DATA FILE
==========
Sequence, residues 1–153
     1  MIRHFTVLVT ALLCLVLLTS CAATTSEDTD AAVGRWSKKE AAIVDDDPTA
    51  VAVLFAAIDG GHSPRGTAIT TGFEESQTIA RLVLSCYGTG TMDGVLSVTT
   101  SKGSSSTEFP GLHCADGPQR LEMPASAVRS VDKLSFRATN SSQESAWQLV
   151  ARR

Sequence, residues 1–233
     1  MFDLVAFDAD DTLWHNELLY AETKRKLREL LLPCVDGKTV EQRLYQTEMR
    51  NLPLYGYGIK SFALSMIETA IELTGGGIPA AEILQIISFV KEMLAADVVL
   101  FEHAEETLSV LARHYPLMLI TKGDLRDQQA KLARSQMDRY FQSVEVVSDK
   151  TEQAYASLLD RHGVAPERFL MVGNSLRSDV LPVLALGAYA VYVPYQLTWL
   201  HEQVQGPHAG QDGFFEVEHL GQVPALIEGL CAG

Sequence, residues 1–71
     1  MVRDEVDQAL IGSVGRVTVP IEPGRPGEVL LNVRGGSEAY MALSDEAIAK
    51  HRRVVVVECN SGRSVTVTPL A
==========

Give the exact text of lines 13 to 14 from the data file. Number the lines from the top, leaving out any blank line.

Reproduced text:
     1  MVRDEVDQAL IGSVGRVTVP IEPGRPGEVL LNVRGGSEAY MALSDEAIAK
    51  HRRVVVVECN SGRSVTVTPL A